Texas: Pedorthists push for licensure
AUSTIN, Texas - A group of pedorthists met with the Texas Board of Orthotics and Prosthetics in August to press for licensure.
"We feel the license will bring more professional recognition," said Antonio Davila, president of RN Plus Medical Supplies in San Antonio.
Currently, pedorthists in Texas must be certified but are "exempt" from licensure. Licensure would simply formalize what pedorthists currently do, which is to supply footwear, including therapeutic shoes, shoe modifications and foot orthoses to address lower limb problems.
Other states already license pedorthists. Requirements vary by state, said John Shero, vice president of Wichita, Kan.-based Regal Medical, a provider of orthotics and diabetic footwear. He is licensed in Oklahoma.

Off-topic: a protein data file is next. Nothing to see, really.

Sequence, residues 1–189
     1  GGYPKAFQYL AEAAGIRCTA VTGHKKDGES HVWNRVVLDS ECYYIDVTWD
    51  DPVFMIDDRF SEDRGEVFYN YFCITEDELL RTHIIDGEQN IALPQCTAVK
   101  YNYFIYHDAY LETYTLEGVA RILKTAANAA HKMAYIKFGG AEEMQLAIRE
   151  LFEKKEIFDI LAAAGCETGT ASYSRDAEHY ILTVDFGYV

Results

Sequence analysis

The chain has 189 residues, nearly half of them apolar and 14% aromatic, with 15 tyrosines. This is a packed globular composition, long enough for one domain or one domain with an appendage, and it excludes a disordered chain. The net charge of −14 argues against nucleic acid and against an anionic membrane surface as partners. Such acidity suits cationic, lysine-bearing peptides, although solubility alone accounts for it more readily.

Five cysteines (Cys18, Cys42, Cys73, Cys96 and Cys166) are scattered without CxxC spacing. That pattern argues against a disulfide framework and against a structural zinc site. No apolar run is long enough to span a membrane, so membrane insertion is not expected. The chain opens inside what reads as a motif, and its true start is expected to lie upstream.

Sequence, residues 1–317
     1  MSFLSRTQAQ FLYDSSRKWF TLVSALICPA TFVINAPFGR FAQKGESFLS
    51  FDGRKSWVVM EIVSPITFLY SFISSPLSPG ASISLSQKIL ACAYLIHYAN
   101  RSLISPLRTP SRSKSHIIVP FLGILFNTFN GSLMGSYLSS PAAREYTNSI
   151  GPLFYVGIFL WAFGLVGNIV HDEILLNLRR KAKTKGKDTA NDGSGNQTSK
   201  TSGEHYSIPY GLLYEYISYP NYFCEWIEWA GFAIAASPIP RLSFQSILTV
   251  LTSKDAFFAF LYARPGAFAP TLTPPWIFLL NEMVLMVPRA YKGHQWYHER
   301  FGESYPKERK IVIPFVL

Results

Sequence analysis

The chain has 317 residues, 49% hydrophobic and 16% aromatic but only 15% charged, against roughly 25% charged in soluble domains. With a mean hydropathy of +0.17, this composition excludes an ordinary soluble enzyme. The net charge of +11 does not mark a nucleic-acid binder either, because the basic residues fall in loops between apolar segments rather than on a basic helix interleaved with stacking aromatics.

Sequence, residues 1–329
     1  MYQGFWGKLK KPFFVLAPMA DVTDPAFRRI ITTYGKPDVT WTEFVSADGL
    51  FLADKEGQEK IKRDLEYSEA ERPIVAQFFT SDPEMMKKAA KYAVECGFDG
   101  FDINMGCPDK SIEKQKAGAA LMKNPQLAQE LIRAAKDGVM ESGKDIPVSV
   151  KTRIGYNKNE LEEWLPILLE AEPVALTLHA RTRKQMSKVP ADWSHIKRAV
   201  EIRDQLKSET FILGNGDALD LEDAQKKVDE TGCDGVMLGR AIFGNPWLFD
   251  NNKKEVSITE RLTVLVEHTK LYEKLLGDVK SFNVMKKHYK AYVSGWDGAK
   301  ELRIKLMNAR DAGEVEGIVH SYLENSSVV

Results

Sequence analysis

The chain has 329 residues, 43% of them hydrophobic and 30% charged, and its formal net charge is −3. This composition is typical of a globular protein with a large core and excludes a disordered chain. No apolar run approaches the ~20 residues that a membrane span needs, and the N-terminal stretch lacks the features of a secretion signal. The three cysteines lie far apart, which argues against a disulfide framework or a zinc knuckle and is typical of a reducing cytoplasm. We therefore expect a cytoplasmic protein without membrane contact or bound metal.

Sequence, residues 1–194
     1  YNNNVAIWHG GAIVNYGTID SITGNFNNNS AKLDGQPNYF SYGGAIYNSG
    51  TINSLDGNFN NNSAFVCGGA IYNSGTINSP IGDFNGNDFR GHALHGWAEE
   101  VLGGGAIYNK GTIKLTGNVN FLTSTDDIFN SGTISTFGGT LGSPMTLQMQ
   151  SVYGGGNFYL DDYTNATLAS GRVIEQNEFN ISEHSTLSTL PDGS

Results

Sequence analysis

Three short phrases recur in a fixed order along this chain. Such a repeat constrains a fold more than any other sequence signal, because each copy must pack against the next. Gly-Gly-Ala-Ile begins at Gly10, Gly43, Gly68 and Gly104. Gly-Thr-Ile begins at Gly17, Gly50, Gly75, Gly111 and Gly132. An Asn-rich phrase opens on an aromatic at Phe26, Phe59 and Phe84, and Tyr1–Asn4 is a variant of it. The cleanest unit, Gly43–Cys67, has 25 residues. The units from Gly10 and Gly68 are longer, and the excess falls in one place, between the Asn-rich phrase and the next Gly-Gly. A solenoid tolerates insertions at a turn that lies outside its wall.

"In Oklahoma, we are licensed through the medical board," he said. "It means you went to the medical board for the license, you have to maintain your license by sending in CEUs, and you have to renew the license every year."
Getting licensed will also give pedorthists a seat at the table when it comes to policy-making for pedorthics, said Davila.
"We aren't allowed to participate in the decision-making process for things regarding shoes," he said. "We are left out of the loop because we are not licensed."
With about 200 pedorthists in Texas, compared to about 2 million diagnosed diabetics, Davila would like to see a system created that would also allow pedorthists to work with certified shoe fitters--who can only fit non-custom shoes--to ensure patients are wearing the correct shoes. Down the road, any provider of therapeutic shoes in Texas will probably need to have, at minimum, a pedorthist overseeing its shoe program, said Davila.
"Most amputations begin with a foot ulcer," said Davila.